Re-evaluation of the use of generics, especially when treating conditions such as epilepsy

Generics/Research | Posted 20/05/2022 post-comment0 Post your comment

Regulatory bioequivalence rules for generics are well established and recognized. However, proving bioequivalence may not always be so easy, especially with drugs with a narrow therapeutic index (NTI) [1].

epilepsy main blue V22E20

What is meant by a generic medication and generic drug equivalence
Generic compounds only need to provide evidence of bioequivalence in a small number of healthy volunteers (< 100). US Food and Drug Administration (FDA) bioequivalence rules require that the ratio of the area under the curve of the generic drug (AUCgeneric) to AUCreference and maximum plasma concentration of the generic (Cmax-generic) to Cmax-reference fall between 0.80–1.25, (80%–125% of the reference medication), at the 90% confidence interval for AUC and Cmax.

What is the meaning of a narrow therapeutic index
NTI drugs are drugs where small differences in dose or blood concentration may lead to serious therapeutic failures and/or adverse drug reactions that are life-threatening or result in persistent or significant disability or incapacity. Drugs are considered to have an NTI when comparison of the 50% median effective dose (ED50) and 50% median lethal dose (LD50) is ≤ 2. The European Medicines Agency (EMA) requires bioequivalence of 90%–111% for NTI drugs. However, bioequivalence does not compare batch-to-batch nor country-to-country variations. In addition, drug interactions, with concurrent medications, is inadequately addressed by studies in healthy volunteers.

Relevance to the treatment of epilepsy
Some anti-seizure medications (ASMs) have >10 generic drug alternatives. Problems may arise when substituting generic drug formulations, especially if one is at 80% and the other is at 125% bioequivalence, thereby effectively either doubling or halving the effective dosage, a situation that could have potentially serious consequences. Using ‘trade’ names of the ASMs is permissible with electronic prescriptions if the generic drug constituents are provided.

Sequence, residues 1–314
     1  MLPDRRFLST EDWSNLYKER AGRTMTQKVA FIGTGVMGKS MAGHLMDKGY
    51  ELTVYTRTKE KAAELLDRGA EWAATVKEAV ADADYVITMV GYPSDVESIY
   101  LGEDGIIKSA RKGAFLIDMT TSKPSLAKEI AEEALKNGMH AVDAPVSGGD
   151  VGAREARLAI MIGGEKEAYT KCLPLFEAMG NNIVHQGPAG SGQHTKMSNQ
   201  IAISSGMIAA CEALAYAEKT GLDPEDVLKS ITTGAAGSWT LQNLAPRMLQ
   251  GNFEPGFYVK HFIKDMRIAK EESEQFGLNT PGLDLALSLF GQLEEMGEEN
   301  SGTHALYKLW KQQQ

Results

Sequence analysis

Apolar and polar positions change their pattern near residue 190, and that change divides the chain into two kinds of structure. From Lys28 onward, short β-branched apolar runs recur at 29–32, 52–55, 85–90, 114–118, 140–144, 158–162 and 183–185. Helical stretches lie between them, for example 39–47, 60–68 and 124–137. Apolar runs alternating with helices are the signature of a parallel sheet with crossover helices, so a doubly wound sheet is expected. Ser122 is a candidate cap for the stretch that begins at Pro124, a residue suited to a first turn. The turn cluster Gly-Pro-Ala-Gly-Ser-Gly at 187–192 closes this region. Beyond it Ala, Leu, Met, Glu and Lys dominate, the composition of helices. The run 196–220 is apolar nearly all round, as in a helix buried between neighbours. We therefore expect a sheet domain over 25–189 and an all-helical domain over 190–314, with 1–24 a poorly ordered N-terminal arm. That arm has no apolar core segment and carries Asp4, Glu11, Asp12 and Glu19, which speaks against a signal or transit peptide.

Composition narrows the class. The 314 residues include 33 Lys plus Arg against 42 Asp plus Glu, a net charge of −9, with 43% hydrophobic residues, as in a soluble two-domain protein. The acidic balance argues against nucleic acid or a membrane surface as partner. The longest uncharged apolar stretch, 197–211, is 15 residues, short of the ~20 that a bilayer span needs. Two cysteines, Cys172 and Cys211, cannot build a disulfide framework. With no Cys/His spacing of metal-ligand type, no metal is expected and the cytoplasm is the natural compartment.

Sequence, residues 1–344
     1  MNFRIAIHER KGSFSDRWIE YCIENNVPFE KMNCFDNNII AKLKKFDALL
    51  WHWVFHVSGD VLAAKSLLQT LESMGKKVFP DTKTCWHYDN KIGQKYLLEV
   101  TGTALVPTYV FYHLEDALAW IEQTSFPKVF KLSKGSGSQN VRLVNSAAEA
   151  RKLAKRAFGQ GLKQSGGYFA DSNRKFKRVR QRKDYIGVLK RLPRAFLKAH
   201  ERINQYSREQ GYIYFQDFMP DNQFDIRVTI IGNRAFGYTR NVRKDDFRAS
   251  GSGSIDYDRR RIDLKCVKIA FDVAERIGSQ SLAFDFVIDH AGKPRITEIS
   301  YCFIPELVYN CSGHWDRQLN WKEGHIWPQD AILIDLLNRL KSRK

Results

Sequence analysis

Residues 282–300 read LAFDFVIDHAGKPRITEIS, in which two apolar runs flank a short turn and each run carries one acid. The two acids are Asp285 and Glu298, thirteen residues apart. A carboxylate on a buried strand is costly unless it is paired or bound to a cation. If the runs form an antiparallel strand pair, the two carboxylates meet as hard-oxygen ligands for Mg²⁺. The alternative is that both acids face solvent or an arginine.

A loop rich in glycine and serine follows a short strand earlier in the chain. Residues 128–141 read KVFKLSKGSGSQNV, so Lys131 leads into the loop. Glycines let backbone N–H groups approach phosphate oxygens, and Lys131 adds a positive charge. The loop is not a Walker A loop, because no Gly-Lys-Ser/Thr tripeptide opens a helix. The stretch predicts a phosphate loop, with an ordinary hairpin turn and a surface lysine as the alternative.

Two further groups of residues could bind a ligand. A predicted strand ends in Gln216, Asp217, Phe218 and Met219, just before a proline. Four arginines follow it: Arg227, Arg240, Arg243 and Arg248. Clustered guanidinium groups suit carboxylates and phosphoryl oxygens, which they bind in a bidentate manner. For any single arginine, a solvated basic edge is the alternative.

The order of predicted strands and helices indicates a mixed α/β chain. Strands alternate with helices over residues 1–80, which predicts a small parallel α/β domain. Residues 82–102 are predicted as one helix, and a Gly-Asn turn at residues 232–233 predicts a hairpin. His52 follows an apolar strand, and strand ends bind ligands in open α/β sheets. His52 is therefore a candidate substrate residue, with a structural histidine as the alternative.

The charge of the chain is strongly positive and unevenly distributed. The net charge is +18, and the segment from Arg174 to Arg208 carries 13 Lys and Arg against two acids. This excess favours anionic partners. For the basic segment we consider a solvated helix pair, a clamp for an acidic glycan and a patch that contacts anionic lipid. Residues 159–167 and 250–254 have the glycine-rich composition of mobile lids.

In Australia, prescribers can prohibit the substitution of generics, however, this is not always respected by the pharmacists. A hospital patient with epilepsy (PWE) was given a generic drug causing break-through seizure. Had she been injured, given the fact that the substitution was given without advice or consent, the hospital may have been subject to litigation.

Generic drug substitution requires advice and the patient’s consent. Prescribing using trade names may avoid brand substitution.

In the following series of articles, the author discusses how and why generic drug substitution may have a negative impact on patient wellbeing and the delivery of optimal clinical care. He also examines the legal consequences of not advising the patient should generic drug substitution be exercised.

Conflict of interest
The author of the research paper [1] declared that there was no conflict of interest.

Abstracted by Professor Roy G Beran, Neurology Department, Liverpool Hospital, Liverpool 2170, NSW, Australia.

Editor’s comment
Readers interested to learn more about narrow therapeutic index drugs are invited to visit to view the following manuscript published in GaBI Journal:

Bioequivalence of narrow therapeutic index drugs and immunosuppressives

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1. Beran RG. Generic substitution in patients whose illness has a narrow therapeutic index, such as epilepsy. APHE. 2020;1(2):1-5.

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